σ h i , l 2 = 1 e a i 1 e a i L i e a i l
(37)

for l = 0,1,,L i −1 with a i = 10 L i 1 . This MIP results in β1=β2=1. In this setup, the MSE is computed with 105 OFDM preambles, while the bit error rate (BER) is calculated with 49 × 105 OFDM data symbols using BPSK modulation.

Figure 2 verifies our analysis by comparing the optimal partial MSEs (27) and (46) of the LMMSE and LS estimators, respectively, with simulation results when the optimal training sequences in (35) are employed and the channels have the exponential MIP (37) with L1 = 8 and L2 = 4. Figure 2a,b compares the results at S1 and S2, respectively. It is clearly observed that the results from the analysis agree well with those from the simulation. In addition, by mitigating the noise enhancement incurred in the LS estimator, the LMMSE estimator performs better than the LS estimator with the gain higher in the lower SNR region. The gain diminishes as the SNR increases since the effect of the noise components is reduced. In the high SNR region, the partial MSE is the largest and smallest in estimating t11 and t22, respectively, for both the LMMSE and LS estimators since the partial MSE in estimating t i m is proportional to L ~ im = L i + L m 1 in the high SNR region. Specifically, with L ~ 11 = 2 · 8 1 = 15 , L ~ 12 = L ~ 21 = 8 + 4 1 = 11 , and L ~ 22 = 2 · 4 1 = 7 in (28) and (46), we have MSE ( t ̂ 21 ) MSE ( t ̂ 22 ) MSE ( t ̆ 21 ) MSE ( t ̆ 22 ) = 11 7 and MSE ( t ̂ 11 ) MSE ( t ̂ 22 ) MSE ( t ̆ 11 ) MSE ( t ̆ 22 ) = 15 7 . For the LMMSE estimator, the partial MSE of t ̂ ii is observed to be slightly larger than the partial MSE of t ̂ ij for (i,j)  {(1,2),(2,1)} when the SNR is very low due to the factor 1 + δi,i = 2 (on the RHS of (22)) in the trace of R t ii , which has eventually led to the factor 1+δi,i = 2 multiplied to β i β m when m = i (on the RHS of (29)). Note that t i i , a convolution of the identical CIR h i and h i , exhibits higher correlation among the elements than t i j , a convolution of two independent CIRs h i and h j .
Figure 2
Figure 2

Comparison of optimal partial MSEs of LMMSE and LS estimators. (a) At node S1 and (b) at node S2.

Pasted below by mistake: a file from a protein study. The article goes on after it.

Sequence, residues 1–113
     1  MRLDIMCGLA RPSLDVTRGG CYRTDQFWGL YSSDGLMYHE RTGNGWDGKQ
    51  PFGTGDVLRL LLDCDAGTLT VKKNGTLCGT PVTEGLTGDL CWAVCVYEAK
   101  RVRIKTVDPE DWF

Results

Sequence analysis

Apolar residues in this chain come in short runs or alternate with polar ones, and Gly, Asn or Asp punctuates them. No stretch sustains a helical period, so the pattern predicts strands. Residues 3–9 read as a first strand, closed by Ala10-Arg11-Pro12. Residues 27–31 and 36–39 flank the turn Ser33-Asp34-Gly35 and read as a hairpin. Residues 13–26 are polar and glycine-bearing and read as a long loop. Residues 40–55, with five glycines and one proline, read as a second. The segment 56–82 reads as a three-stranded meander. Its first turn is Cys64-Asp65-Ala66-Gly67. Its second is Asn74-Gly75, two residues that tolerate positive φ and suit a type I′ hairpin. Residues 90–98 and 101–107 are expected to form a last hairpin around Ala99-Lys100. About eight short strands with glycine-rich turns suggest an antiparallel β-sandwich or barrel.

Figures 3 and 4 compare the MSEs and BERs, respectively, of the LMMSE and LS estimators when optimal and non-optimal training sequences are used, where we have assumed the symmetric channels with L1 = L2 = 6 for the exponential MIP, leading to an identical MSE (BER) performance at S1 and S2. The MSE in Figure 3 represents MSE t 1 ̂ and MSE t 1 ̆ of the LMMSE and LS estimators, respectively, and the BER in Figure 4 is evaluated at S1. In these figures, ‘optimal (30), (32), (34), (35)’ denotes the results with the optimal training sequences in (30), (32), (34), and (35)b, ‘Non-optimal I’ denotes the results with the training sequences constructed with randomly generated BPSK symbols {Xi,k} used as a benchmark in [11], and ‘Non-optimal II’ denotes the results with the training sequence x i , n = 0 . 1 x i , n for 0≤n≤31 and x i , n = 1 . 9 x i , n for 32≤n≤63 used as a benchmark in [10]. It is clearly confirmed in these figures that all the optimal training sequences (conventional or proposed) provide the best performance for both the LMMSE and LS estimators. It is also observed that non-optimal sequences could cause significant degradation in the performance of channel estimation. Although the sequences ‘Non-optimal I’ provide a similar performance with the optimal training sequence, the former exhibits a higher PAPR than the latter. Interestingly, it is observed that the performance degradation incurred by using non-optimal training sequences is smaller in the LMMSE estimation than in the LS estimation.